Traffic rules the roost in Shanghai
Updated: 2012-07-09 07:58
By Hong Liang (China Daily)
Shanghai is never shy about declaring its ambition to be a world-class city that can match New York or London for style and sophistication. And nobody can accuse the municipal government of a lack of effort.
Its efforts are obvious even to the first time visitor to this city with its rich and colorful history. The new terminal at Pudong International Airport is enormous, and as clean and as efficient, if not more so than the airports at most other major metropolises. Driving into the city, the visitor is treated to row after row of gleaming skyscrapers on both sides of the elevated highways.
As space in Lujiazui, a financial district established in the 1990s by government decree, is running out, so the municipal authorities are building another financial district next to the historic Bund on the west bank of the Huangpu River. What's more, the government has spared no effort in recreating the city's cultural identity by rehabilitating many areas of historic significance, and designating them as either creative industry parks or entertainment enclaves.
Environmentally, the city has also gone through a major makeover since the hosting of the World Expo in 2010. New roads were built, streets repaved, trees planted and flower beds erected on what were once garbage dumps in many neighborhoods.
The private sector, too, has contributed much to improving the quality of life in the city. The high-end entertainment area of Xintiandi was the brainchild of a flamboyant Hong Kong property tycoon. But the collective efforts of the owners of the many quaint boutiques, charming coffee shops and gourmet eateries have created the vibrant Tianzifang, which has surpassed Xintiandi in popularity among expatriates living in Shanghai and the growing numbers of hip, young Chinese executives and professionals.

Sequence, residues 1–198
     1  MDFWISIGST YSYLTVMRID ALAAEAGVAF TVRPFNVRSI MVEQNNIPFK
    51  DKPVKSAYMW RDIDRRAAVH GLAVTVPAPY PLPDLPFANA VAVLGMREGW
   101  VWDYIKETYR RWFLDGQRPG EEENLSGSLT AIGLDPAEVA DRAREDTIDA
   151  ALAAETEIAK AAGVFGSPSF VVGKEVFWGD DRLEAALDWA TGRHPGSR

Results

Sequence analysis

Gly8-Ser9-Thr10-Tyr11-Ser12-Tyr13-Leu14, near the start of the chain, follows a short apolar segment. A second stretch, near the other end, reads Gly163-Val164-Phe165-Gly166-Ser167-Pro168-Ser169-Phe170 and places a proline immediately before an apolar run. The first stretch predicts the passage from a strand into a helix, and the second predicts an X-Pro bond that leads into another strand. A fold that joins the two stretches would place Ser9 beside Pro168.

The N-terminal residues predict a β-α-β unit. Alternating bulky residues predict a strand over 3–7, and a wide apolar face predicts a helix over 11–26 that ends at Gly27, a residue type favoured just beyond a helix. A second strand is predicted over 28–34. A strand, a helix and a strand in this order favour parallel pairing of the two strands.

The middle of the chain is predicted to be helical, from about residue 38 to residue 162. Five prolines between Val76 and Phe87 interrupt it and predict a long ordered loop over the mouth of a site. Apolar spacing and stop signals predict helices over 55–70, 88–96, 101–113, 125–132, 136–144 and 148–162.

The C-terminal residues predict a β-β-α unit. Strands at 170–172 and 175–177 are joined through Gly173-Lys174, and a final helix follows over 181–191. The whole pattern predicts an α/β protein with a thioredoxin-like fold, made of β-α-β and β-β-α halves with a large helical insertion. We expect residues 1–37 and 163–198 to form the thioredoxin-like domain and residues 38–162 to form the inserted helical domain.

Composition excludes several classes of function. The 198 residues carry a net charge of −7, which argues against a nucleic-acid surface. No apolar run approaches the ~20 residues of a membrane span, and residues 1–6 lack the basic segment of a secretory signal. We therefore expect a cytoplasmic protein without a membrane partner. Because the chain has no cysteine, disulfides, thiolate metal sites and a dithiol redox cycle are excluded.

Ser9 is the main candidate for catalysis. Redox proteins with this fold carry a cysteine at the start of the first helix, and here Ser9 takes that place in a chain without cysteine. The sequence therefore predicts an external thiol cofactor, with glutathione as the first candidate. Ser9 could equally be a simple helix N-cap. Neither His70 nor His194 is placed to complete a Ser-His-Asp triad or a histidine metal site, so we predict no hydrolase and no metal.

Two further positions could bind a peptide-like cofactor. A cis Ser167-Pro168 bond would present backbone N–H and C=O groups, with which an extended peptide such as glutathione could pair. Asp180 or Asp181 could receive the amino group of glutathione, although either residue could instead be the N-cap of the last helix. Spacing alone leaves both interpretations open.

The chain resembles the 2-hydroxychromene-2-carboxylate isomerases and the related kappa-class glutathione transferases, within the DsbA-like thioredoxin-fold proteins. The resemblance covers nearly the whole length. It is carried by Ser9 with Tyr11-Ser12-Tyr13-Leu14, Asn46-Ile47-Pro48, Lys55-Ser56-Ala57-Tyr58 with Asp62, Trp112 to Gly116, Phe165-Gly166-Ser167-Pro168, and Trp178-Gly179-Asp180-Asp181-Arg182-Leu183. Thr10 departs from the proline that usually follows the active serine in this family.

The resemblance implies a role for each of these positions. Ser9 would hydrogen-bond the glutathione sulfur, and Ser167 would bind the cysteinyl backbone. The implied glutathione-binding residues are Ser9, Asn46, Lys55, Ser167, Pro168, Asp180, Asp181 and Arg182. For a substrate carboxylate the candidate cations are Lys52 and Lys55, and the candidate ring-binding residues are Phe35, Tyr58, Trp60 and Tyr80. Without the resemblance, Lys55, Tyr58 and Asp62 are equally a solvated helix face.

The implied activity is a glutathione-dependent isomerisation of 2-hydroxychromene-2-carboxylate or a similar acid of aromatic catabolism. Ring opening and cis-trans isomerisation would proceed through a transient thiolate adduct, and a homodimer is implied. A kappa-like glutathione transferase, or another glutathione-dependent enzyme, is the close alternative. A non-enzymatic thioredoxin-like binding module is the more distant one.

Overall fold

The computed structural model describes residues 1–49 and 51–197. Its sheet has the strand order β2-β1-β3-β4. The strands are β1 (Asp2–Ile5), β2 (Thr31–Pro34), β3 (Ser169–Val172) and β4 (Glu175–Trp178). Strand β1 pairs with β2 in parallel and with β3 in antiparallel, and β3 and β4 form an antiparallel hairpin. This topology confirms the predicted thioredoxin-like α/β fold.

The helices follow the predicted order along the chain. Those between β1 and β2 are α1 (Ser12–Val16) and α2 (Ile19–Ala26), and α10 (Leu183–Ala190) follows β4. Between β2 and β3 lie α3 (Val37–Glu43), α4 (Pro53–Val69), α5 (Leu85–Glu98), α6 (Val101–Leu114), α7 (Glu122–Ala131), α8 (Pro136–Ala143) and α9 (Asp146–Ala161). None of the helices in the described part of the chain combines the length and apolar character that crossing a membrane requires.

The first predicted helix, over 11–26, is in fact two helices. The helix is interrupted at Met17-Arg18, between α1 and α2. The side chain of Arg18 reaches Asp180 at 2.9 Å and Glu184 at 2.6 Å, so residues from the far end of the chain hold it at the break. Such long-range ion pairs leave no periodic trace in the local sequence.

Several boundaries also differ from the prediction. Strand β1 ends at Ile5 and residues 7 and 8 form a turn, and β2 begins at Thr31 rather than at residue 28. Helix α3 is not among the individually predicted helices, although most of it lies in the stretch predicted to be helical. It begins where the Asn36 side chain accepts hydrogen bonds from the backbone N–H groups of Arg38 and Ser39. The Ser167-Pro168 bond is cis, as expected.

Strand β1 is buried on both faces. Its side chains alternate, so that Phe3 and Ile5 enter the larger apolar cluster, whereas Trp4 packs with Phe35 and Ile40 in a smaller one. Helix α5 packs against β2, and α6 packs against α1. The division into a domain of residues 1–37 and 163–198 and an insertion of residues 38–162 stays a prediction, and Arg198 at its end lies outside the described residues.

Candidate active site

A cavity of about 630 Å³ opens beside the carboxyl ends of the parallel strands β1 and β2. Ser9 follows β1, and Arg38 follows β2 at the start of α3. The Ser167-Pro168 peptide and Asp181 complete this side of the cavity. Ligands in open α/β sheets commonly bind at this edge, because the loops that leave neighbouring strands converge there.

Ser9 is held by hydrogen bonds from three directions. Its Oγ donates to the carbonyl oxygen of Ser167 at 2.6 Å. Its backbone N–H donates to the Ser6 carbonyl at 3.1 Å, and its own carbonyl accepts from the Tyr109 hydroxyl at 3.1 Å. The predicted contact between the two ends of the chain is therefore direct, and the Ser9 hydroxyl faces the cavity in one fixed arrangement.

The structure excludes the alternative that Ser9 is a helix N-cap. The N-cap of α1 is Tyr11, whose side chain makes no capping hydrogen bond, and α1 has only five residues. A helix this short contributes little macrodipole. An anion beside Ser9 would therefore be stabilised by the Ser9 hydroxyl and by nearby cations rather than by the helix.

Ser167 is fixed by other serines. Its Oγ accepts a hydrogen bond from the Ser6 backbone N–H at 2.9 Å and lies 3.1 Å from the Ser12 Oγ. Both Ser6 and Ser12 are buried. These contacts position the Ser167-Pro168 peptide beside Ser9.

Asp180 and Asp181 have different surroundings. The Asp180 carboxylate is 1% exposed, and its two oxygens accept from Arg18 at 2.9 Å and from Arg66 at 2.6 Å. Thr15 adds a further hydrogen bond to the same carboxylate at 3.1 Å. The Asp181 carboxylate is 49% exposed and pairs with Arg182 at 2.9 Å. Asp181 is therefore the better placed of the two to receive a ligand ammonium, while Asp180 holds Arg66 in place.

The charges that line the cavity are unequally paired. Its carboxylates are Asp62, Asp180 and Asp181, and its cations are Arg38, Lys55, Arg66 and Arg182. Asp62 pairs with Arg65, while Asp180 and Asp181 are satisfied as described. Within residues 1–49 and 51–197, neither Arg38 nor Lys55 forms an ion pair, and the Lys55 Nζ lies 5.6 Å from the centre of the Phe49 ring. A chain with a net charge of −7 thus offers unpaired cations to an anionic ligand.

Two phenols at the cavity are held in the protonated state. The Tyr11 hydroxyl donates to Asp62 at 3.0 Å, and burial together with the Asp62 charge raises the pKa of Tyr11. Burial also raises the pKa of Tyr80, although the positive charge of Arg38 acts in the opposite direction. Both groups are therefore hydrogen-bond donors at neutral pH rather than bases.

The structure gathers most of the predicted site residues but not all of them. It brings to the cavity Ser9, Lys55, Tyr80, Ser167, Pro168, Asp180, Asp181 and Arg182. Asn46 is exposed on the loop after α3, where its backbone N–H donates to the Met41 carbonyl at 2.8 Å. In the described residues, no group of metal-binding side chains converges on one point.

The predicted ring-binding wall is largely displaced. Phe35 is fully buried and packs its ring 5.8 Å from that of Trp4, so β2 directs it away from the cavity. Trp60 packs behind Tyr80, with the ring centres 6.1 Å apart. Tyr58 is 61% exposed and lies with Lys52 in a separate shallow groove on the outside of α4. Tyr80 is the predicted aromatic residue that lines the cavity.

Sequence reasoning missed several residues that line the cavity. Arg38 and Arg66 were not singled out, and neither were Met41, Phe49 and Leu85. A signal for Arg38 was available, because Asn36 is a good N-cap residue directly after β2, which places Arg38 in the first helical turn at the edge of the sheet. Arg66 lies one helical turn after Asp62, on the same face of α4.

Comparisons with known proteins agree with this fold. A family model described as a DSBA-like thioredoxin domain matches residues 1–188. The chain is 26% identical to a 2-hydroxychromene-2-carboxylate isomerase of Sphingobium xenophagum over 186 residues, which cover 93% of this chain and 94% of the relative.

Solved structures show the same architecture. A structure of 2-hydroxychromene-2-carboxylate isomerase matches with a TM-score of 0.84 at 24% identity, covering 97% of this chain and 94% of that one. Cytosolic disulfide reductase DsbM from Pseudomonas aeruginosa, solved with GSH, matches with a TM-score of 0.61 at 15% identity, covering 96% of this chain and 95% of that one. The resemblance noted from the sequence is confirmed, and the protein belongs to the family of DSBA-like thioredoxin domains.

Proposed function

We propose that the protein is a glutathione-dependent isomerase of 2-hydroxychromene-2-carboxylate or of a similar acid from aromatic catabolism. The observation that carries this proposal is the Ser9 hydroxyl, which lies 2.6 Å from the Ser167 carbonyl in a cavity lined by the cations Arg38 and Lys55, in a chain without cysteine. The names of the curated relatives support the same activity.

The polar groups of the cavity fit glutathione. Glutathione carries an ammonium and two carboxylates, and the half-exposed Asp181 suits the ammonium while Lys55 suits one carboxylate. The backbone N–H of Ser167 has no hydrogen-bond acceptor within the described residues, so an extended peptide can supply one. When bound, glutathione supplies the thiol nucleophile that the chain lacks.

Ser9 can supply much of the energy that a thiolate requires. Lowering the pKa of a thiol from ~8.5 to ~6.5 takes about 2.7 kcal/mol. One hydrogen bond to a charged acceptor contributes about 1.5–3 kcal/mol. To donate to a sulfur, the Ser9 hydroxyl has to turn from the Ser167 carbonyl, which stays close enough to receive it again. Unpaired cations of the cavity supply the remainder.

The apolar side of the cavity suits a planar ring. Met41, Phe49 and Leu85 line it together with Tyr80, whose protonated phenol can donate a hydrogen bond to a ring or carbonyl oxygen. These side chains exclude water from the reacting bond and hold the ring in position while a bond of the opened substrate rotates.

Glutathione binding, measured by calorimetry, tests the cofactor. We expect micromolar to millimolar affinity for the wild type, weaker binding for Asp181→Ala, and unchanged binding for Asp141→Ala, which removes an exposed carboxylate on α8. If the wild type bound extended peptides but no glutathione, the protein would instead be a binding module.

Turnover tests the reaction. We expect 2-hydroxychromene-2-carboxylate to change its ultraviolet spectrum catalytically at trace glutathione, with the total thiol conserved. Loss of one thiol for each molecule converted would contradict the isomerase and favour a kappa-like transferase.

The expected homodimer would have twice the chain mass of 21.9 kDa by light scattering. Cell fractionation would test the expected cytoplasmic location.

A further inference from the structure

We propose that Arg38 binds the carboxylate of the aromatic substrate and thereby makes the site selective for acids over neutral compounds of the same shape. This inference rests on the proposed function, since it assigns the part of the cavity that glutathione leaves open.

Slices of Shanghai's past, captured in the tree-lined streets in the old French Concession with their mansions that used to house warlords and merchant princes, and the nongtang, or inner-city residential compounds of low-rise tenements mostly built in the 1930s, have managed to survive the tyranny of progress. These are best appreciated on foot. But an afternoon stroll down memory lane in Shanghai can be as harrowing as it is sweet.
To put it bluntly, it's just not safe to walk on the street in this city. Observing the traffic lights when crossing the street is no guarantee of safety. There are always cars trying to drive pedestrians off the streets, irrespective of the traffic lights. To survive, Shanghai pedestrians must learn not only to dodge the cars but also the hoard of motorcycles, electric bikes and bicycles whose kamikaze riders have respect for neither traffic rules nor human life.
Walking home one evening in a light drizzle, I saw an elderly man a few steps in front of me hit by a bicycle traveling in the wrong direction down a one-way street. The rider, a young mother with her daughter riding on the carriage rack, simply remounted and rode on without a word of apology. That made me wonder why this government, which takes so much pride in what it has done to improve people's livelihoods, has failed so miserably in making the roads save for everyone.
It is not because of a lack of traffic regulations. The problem lies in the will to enforce them. There used to be a traffic jam at the junction of Central Huaihai Road and Xizang Road during rush hours, until a police officer was posted there to stop cars from charging into the intersection even when the road ahead was blocked.
Shanghai may choose to look beyond Hong Kong for its model of development. But in Hong Kong, diligent traffic management has made the roads safe for both motorists and pedestrians. We keep hearing Shanghai officials extolling their "human-oriented" approach to development. But the traffic management belies this and it will inhibit Shanghai's grand design to be a world-class city.
(China Daily 07/09/2012 page8)